Many in the Mid-American Conference were recruited by Big Ten schools, but in the end were told they weren't good enough.
It didn't take long for Jerry Kill and his staff to size up the relationship between the Big Ten and the Mid-American Conference. Kill's first game at Northern Illinois, his debut as a Division I head coach, was in a Big Ten stadium, and it didn't exactly take his best Vince Lombardi impression to get his team ready.
As defensive coordinator Tracy Claeys remembers it, the Huskies were at an emotional boil before that 2008 season opener.
"Those kids had a chip on their shoulder. Because [the conferences are] so close together, you hear all the time about the Big Ten," Claeys said. "You turn on ESPN, the Big Ten is on at 11 every Saturday morning. There's a Big Ten Network. They're on the news. The newspapers write about the Big Ten schools. So you didn't have to remind those kids who they were about to play."
And who were they about to play? Ooh, awkward. The Huskies were headed to the Metrodome, where they led the Gophers into the final minute, before Duane Bennett salvaged victory with 22 seconds left, scoring a 1-yard plunge on fourth down. It was a difficult loss for Kill, but reinforced a valuable lesson that he's repeated more than once this week at his new school: MAC schools can definitely beat their Big Ten neighbors.
"There are a lot of good football teams, all over the country. And there's a lot of them in the MAC," said Kill, who avenged that loss to Minnesota two years later, then took over the Gophers program last season. "If you're a good coach, you teach those kids, hey, you can win anywhere."
It's happened more and more, too. Ohio's victory over Penn State in the season opener made 2012 the sixth consecutive season that a MAC school has upset a Big Ten school, and six more matchups remain this year, including Saturday's visit to TCF Bank Stadium by Western Michigan. And while the Big Ten owns a cumulative .850 winning percentage against its neighbor -- the Gophers are 27-4-1 all-time, with all four losses coming since 2000 -- it's increasingly evident that nobody is immune to MAC misfortune.
(Well, OK, maybe Ohio State. The Buckeyes are 20-0 against MAC members.)
"I always stressed to the players that, being the underdog, to be there in the fourth quarter and give yourself a chance to win the game -- we went into every game believing we had a chance to win," said Tim Beckman, the Illinois coach who was hired away from Toledo, where he beat Purdue and came within 17 yards of beating the Buckeyes. "I think our players respected the Big Ten at Toledo, but we also believed we could play with them."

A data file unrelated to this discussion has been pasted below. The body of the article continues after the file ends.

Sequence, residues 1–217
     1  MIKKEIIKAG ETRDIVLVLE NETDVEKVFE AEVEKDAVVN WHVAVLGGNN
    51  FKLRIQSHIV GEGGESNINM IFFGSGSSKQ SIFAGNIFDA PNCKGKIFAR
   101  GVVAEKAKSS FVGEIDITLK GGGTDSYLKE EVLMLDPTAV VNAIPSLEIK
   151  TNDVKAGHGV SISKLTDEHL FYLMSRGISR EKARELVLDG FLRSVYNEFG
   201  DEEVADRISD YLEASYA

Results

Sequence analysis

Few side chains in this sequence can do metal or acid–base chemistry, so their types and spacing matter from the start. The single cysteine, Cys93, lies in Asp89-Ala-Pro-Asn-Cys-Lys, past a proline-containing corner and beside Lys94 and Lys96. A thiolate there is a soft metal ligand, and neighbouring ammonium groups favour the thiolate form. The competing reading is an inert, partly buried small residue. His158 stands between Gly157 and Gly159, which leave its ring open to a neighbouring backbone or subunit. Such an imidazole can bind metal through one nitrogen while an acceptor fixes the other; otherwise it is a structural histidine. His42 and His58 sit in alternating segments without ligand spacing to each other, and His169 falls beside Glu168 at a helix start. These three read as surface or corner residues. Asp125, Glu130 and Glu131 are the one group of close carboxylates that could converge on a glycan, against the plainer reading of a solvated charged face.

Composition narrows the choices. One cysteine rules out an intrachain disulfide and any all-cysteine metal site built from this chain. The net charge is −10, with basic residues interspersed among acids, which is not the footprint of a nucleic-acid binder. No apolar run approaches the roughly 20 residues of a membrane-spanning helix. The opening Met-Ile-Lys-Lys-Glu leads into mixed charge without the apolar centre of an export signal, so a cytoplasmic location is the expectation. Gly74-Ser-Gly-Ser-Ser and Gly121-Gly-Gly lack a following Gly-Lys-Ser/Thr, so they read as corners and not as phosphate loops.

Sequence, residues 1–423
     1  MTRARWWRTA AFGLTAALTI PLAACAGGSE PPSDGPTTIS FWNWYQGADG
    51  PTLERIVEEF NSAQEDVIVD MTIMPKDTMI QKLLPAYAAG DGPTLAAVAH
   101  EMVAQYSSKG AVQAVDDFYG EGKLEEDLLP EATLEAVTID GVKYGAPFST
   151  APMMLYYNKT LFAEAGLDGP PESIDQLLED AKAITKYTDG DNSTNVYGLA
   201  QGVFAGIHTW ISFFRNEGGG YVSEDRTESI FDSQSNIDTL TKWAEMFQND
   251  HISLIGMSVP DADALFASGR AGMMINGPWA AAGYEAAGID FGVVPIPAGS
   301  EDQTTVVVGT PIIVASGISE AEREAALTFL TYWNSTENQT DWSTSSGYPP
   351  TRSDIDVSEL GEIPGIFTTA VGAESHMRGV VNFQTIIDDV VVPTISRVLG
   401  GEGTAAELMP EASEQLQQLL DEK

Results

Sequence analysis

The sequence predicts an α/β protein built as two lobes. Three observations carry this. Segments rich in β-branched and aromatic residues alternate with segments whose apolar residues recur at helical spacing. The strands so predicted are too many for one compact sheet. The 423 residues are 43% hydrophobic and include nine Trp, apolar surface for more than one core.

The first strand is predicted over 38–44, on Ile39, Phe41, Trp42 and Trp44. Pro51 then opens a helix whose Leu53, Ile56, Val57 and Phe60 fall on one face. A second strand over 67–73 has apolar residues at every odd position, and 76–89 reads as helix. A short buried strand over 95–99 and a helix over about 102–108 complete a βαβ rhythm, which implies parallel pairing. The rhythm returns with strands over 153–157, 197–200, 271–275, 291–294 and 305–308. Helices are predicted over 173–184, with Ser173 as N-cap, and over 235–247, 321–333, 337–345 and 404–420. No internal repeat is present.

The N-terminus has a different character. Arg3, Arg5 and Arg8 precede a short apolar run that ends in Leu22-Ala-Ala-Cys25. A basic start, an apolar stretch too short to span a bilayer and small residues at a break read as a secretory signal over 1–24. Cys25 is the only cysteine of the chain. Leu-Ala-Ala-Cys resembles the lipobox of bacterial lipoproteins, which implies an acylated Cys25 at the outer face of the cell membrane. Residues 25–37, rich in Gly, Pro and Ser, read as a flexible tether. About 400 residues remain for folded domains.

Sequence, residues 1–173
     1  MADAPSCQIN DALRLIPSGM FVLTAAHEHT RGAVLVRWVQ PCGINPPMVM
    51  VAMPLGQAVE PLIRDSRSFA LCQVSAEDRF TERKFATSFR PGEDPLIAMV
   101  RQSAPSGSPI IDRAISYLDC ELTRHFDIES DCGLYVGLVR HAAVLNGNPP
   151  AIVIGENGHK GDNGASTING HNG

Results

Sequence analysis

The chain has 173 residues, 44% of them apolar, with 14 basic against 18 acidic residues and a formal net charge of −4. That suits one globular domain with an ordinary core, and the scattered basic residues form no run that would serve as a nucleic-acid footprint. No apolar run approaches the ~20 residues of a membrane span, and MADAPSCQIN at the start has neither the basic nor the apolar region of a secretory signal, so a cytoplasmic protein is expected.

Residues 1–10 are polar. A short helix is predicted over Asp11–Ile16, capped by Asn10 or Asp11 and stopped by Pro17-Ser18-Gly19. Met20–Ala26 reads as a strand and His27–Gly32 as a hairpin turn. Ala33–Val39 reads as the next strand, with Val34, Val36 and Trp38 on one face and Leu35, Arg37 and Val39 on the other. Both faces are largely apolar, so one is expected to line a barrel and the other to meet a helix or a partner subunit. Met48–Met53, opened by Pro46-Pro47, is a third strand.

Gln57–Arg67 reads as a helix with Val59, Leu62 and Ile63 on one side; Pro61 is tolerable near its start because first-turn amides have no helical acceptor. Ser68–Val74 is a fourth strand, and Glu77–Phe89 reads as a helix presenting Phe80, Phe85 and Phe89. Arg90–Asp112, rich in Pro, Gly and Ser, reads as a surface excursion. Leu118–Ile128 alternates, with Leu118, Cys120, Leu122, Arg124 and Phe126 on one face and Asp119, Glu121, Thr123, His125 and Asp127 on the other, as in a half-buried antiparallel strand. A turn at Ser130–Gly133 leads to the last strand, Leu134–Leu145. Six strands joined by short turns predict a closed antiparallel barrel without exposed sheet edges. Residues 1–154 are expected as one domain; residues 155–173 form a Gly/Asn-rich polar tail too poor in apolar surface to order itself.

That's because most MAC players believe they should be playing for those schools, Claeys said.
"Every one of those kids got [recruiting] letters, [and] took campus visits to Big Ten schools. Then all of a sudden, at the very end they get told they're not good enough. And so they go to a MAC school," Claeys said. "That's what you're dealing with. You have to deal with a team of kids who want to prove they're good enough to play there. So they play a lot crisper, and they play with an edge."
That's what the Gophers expect Saturday from the Broncos, a team more than capable of winning. It's also why MAC schools make such good opponents for Big Ten members -- they're relatively local, they're available and they're good. Western Michigan will take home $750,000 for Saturday's game and, if the Gophers aren't careful, a victory, too.
"If you're not prepared to play, you'll go home with a loss. That's what you want, not [an opponent] that, no matter how you play, you're going to beat them," Claeys said. "If you don't play well when you play a MAC school, they'll make you pay, and that's good for your football team. It makes you get better. If we don't play well on Saturday, I guarantee we won't win."
The difference in the conferences, Kill said, is depth. While MAC schools are talented enough to win their annual non-conference matchups, they are less prepared to face Big Ten intensity for two months in a row.
Big Ten fans have long regarded the MAC as, in effect, their little brother -- familiar, perhaps entertaining, but non-threatening. Coaches don't feel that way, in part because an increasing number of them got their start in the Mid-American. Even powerhouses Michigan (Brady Hoke, whose head coaching career began at Ball State) and Ohio State (Urban Meyer, who started out at Bowling Green) have endorsed the conference often called "The Cradle of Coaches." And the Big Ten has hired MAC officials to referee its games.
It's a natural relationship, Kill said, since the conferences mostly overlap.
"I guess you could say it's Midwest football," he said. "And people around here want to see Midwest football."
|Fla Gulf Coast||62|
|Sam Houston St||67||FINAL|
|Miss Valley St||0|
|Stephen F Austin||92|
|Cal State Fullerton||62||FINAL|
|Long Beach State||69|
|(18) Texas A&M||57|
|East Tenn St||73|
|Sam Houston St||73||FINAL|
|Stephen F Austin||56|
|Miss Valley St||0|
|(15) North Carolina||84|
|Cal State Fullerton||66|
|Long Beach St||60||FINAL|
|UC Santa Barbara||36|